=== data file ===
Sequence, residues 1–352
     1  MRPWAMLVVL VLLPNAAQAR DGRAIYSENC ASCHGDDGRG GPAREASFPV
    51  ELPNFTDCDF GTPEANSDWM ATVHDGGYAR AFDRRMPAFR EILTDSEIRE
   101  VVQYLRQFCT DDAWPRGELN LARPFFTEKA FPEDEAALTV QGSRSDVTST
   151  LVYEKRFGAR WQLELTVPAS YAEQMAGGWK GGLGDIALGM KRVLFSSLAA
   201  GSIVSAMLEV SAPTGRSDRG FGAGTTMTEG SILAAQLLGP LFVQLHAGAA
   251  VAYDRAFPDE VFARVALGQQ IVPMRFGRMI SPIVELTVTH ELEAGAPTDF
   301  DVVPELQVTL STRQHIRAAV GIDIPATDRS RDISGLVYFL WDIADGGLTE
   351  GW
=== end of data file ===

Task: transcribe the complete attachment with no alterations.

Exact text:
Sequence, residues 1–352
     1  MRPWAMLVVL VLLPNAAQAR DGRAIYSENC ASCHGDDGRG GPAREASFPV
    51  ELPNFTDCDF GTPEANSDWM ATVHDGGYAR AFDRRMPAFR EILTDSEIRE
   101  VVQYLRQFCT DDAWPRGELN LARPFFTEKA FPEDEAALTV QGSRSDVTST
   151  LVYEKRFGAR WQLELTVPAS YAEQMAGGWK GGLGDIALGM KRVLFSSLAA
   201  GSIVSAMLEV SAPTGRSDRG FGAGTTMTEG SILAAQLLGP LFVQLHAGAA
   251  VAYDRAFPDE VFARVALGQQ IVPMRFGRMI SPIVELTVTH ELEAGAPTDF
   301  DVVPELQVTL STRQHIRAAV GIDIPATDRS RDISGLVYFL WDIADGGLTE
   351  GW